The Tulsa Regional Chamber has informed city and county officials that it won’t fund the Vision 2025 sales tax renewal campaign if the proposal includes a significant amount of money for public safety and does not have broad support among the parties putting the package together, several sources have told The Frontier.
The sources spoke on condition of anonymity.
Historically, the Chamber has raised private funds to hire consultants and advertising agencies to educate the public on major initiatives, including the original countywide Vision program in 2003.
Mike Neal, chamber president and CEO, shared the organization’s position with local leaders at a private meeting last week. Later in the week, Mayor Dewey Bartlett and city councilors tentatively agreed to allocate approximately $269 million in Vision funds to public safety.
The Vision 2025 sales tax is 0.60 percent (six-tenths of a penny). Neal told those attending Thursday’s meeting that the Chamber would not support spending more than 0.10 percent on public safety, sources say.
The $269 million figure agreed to by councilors and the mayor on Friday would take up about two-tenths of the Vision sales tax renewal and be permanent.
As currently composed, the Vision package totals $1.1 billion and includes three funding sources: Vision sales tax; general obligation bonds, and an extension of the city’s Improve Our Tulsa capital improvements sales tax. An additional $72.2 million in Improve Our Tulsa funding has been earmarked for public safety in the Vision 2025 renewal.
Bartlett and councilors plan to refine the proposal in early January before bringing it to a vote of the people on April 5.
Neal’s remarks are consistent with what the Chamber board of directors has been saying for at least two months. After the board voted on the issue in November, the Chamber issued a statement expressing support for a “separate, sustainable, dedicated funding solution” to address the city’s public safety operational needs.
Vision funding, according to the Chamber statement, should be used for its intended purpose: “providing for large-scale, game-changing capital investments that position the city of Tulsa to successfully compete with our peer cities in talent attraction, economic development and citizen quality of life.”
Monday, LToya Knighten, senior vice president of communications for the Chamber, did not confirm or deny whether the meeting took place last week.
But she did say that the Chamber’s board of directors believes the city needs a long-term solution to its public safety needs “with a comprehensive review necessary to ensure any funding amount Tulsa’s citizens are asked to support is appropriate, needed and addresses the full problem our community faces.”
She also reiterated the Chamber board’s belief that Vision should remain focused on its original purpose of funding game-changing capital improvements and quality-of-life projects.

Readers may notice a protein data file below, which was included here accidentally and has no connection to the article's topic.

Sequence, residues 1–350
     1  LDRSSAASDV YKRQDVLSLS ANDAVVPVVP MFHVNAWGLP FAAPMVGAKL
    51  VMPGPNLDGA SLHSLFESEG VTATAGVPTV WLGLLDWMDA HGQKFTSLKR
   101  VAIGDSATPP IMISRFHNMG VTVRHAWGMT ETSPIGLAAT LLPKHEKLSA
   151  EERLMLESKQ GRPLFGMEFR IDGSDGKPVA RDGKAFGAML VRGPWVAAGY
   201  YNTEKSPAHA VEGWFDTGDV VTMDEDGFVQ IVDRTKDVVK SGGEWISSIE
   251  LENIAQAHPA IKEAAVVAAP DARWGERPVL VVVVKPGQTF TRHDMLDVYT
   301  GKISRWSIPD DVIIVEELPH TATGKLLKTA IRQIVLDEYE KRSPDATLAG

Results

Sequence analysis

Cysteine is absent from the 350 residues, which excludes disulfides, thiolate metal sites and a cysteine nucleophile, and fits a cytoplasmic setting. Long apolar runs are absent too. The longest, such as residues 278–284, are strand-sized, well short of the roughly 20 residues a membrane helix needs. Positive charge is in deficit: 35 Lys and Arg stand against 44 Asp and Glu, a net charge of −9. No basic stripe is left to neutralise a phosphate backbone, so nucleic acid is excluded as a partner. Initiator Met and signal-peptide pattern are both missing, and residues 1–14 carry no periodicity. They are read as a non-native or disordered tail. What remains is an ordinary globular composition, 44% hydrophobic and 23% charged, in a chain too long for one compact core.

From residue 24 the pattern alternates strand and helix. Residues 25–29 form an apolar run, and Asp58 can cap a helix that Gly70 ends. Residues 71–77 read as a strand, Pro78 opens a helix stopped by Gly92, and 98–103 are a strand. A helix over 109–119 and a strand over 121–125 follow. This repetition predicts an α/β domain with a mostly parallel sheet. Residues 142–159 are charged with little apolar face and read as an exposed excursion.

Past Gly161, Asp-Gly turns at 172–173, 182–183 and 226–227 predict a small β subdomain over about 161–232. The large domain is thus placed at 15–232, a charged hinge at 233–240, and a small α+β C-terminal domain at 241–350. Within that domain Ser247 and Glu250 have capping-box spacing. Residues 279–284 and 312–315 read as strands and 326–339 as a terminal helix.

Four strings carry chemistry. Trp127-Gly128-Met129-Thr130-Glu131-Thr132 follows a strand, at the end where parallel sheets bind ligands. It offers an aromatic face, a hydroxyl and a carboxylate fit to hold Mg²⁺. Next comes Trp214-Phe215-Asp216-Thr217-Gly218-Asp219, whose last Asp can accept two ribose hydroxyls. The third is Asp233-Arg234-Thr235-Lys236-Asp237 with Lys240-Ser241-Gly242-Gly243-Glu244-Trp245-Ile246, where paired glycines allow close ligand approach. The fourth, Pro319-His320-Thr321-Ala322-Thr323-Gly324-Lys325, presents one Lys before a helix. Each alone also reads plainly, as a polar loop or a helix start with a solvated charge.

“The draft Vision renewal proposal developed Friday would have a significant impact on our community for many years, and merits a careful review by our leadership before any stance is taken,” Knighten said. “We will begin our formal review process once the proposal is in a final form, and will take it before our executive committee for consideration at its January meeting.
Vision 2025 was overwhelmingly approved by county voters in 2003. The tax expires at the end of 2016.
Area communities announced earlier this year that they were going to abandon the countywide approach to the Vision program and put together their own Vision proposals.
Jarred Brejcha, the mayor’s chief of staff, said he attended last week’s meeting with the Chamber but had to leave early. He does not recall Neal mentioning a specific percentage related to public safety funding, but said Neal did stress the need for unity.
That has been accomplished, Brejcha said, pointing to the tentative agreement reached Friday by councilors and the mayor.
“Everybody has their preferences,” Brejcha said. “At the end of the day you make a package out of consensus. At this point, I think it’s time to move forward with unity.”
The city could not use public dollars to market the Vision campaign if the Chamber were not involved, Brejcha said, but he expressed confidence private donors would step up if the need arose.
City Councilor David Patrick accused the Chamber of trying to manipulate the process.
“It’s not up to them; it’s up to the city,” Patrick said. “It’s time for them to either get on board or get off.”
Councilor Anna America said there is still work to be done on the proposal and her hope is that the final package is one the entire community can support.
America said she knows the Chamber has the city’s best interests in mind. However, she said the city is “not putting a package together for the Chamber to vote on; we are putting a package together for the citizens of Tulsa to vote on.”
The Vision renewal package is also expected to include funding for the construction of a low-water dam at 103rd Street and Riverside Drive and the overhaul of Zink Dam and other river-related infrastructure projects.
Quality-of-life projects expected to be on the ballot include a $69 million renovation of Gilcrease Museum and at least $30 million for Tulsa Zoo improvements.
The city and county, meanwhile, appear to be headed in separate directions on the Vision proposal.
The county announced last week that it intends to move forward with its own 0.10 percent Vision proposal, regardless of whether the city allocates funding for county projects in its Vision package.
That would mean a sales tax increase for Tulsans, who now pay 8.517 percent. If both the city and county Vision packages were approved, the sales tax rate within the city of Tulsa would be 8.617.